A great article and an interesting processing procedure using a higher temperature; that obviously works. I used a lot of Ilford Monobath in 1971 / 72 for an assignment every week that required fast processing of TriX in an Agfa daylight tank. Monobath was good because it produced fast and consistent results for the negatives to be used as freeze frames for a TV program (polarity reversed) when the studio had no other way in the black and white TV days. Photos taken during dress rehearsal and inserted during the live performance 30 minutes later. When I got my first camera a Brownie E in 1948 at age 10, Verichrome film was the most common choice. Same name but back then it was an orthochromatic film and shades of gray didn’t accurately represent our perception of colour. I got better results in my Box Brownie using Kodak Supper XX panchromatic film which had a green backing paper. Panchromatic of course means all colours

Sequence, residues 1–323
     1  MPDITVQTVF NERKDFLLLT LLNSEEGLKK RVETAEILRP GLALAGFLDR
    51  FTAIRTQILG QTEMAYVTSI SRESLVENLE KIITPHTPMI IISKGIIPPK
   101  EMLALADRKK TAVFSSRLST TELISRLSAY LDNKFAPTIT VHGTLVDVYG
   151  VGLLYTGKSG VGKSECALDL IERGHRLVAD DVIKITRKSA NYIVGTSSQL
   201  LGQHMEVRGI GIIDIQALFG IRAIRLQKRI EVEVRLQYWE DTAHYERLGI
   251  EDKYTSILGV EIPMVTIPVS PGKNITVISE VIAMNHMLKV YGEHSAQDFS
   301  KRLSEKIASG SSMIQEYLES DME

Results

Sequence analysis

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Gary on Kodak Verichrome Pan – Adventures Shooting a Roll of Film from 1976

Comment posted: 09/01/2024

I don't develop my own film, so the technical info on developing is beyond my ken. I am amazed by the results of your shooting and developing, however. Very old film and a toy camera, in your hands, have produced superb results.
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hugh crawford on Kodak Verichrome Pan – Adventures Shooting a Roll of Film from 1976

Comment posted: 08/01/2024